Razem, DiEM25’s future European Spring ally, appeared on the scene
Nevertheless, just before the 2015 parliamentary elections, Partia Razem (“Together”) was established to fill the left gap on the Polish political map. Initially, they appeared successful in the 2015 elections when they garnered support of 49,711 voters and gained 3,62% – more than most had expected. Such an outcome entitled Razem to a state compensation of campaign costs, which enabled their survival although no mandate was gained. But the bad news were that (i) there was no Left at all in the Sejm (the lower chamber of the Polish parliament) for the first time ever, and (ii) demand for a Left power was coming only from well-educated large city constituents, and not from workers. Workers were happy with PiS and the traditional drive that came from the party and its ally, the Catholic Church.
The “throne-altar“ alliance remains strong
Poland is probably one of the most conservative societies in Europe, although you might not have that impression when visiting Warsaw or Gdańsk. The traditionally quite strong influence of the church in the Polish educational system has been strengthened under the PiS government. The “throne-altar” alliance, as it is called, is doing very well nowadays.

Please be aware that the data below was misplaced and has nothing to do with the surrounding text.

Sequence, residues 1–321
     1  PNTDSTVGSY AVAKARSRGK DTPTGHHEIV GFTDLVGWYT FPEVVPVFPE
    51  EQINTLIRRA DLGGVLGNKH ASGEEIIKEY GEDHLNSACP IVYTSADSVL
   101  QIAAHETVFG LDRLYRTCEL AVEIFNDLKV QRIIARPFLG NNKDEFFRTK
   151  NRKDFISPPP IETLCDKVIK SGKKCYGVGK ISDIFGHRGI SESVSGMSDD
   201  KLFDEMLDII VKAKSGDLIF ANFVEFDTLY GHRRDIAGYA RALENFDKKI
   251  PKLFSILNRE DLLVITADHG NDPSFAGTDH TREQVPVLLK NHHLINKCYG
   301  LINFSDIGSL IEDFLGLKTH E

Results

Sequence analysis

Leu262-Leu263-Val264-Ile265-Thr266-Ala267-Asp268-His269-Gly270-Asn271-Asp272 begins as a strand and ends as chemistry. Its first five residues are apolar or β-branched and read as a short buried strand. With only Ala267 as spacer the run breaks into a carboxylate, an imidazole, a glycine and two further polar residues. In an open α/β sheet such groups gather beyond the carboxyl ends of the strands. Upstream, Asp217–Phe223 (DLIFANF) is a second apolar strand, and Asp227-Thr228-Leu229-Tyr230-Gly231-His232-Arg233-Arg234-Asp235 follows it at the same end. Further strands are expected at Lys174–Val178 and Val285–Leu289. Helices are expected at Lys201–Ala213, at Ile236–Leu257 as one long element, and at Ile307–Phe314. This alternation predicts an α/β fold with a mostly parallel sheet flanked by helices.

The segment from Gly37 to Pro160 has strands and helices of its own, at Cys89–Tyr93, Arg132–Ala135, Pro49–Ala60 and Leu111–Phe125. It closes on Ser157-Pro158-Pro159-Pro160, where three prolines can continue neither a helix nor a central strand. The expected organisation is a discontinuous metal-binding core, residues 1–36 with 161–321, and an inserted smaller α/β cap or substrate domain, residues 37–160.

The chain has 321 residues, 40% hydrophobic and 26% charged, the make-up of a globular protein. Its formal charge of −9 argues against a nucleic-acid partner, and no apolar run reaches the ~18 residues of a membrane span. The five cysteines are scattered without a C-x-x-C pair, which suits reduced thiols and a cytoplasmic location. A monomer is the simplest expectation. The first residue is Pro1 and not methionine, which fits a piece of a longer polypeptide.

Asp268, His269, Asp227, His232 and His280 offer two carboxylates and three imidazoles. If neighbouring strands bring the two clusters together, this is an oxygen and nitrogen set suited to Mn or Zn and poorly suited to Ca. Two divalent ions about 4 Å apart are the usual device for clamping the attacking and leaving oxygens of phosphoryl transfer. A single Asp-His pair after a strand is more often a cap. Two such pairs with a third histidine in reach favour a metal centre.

Poland is also very late in transforming towards a greener economy and society, with Razem and the Greens (Partia Zieloni) the only forces to have “green transition” in their programs – with Razem politically exploiting the climate disaster issue only at the very final stage of the campaign.
But today, the Left will be back in parliament!
Razem joined the social-democrat party SLD and the “Wiosna” (Spring) party of the charismatic Robert Biedroń to establish “Left Together” (Lewica Razem) coalition, and as a coalition they have a chance to get 10 to 14 per cent support in today’s general elections, which is good news: the Left will be back in the Sejm! But the bad news is that PiS have a chance to get the so-called constitutional majority, enabling them to single-handedly pass sweeping reforms in Parliament. If they achieve that – we might find ourselves in big trouble in Poland.
The Green New Deal might sort the identity problem of the progressives
What I think could be a good scenario for the near future is joining hands by the Left and the Greens, who also have a chance to receive a mandate or two, to push strongly the Green New Deal for Europe into the mainstream debate. No matter how ironical it may sound, the climate catastrophe is a potentially great gift for progressives in Poland: standing firmly for a just transition might sort the identity problem of the Left. The most recent statements, mainly those by Adrian Zandberg, the natural leader of Razem, seem to indicate they are about to realize that.
Janusz Allina is a Poland-based economist, member of DiEM25 Warsaw and of the Green New Deal team
Photo above: Adrian Tadeusz Zandberg, co-founder of Leftist Partia Razem, and Magdalena Biejat during the last hours of Razem’s electoral campaign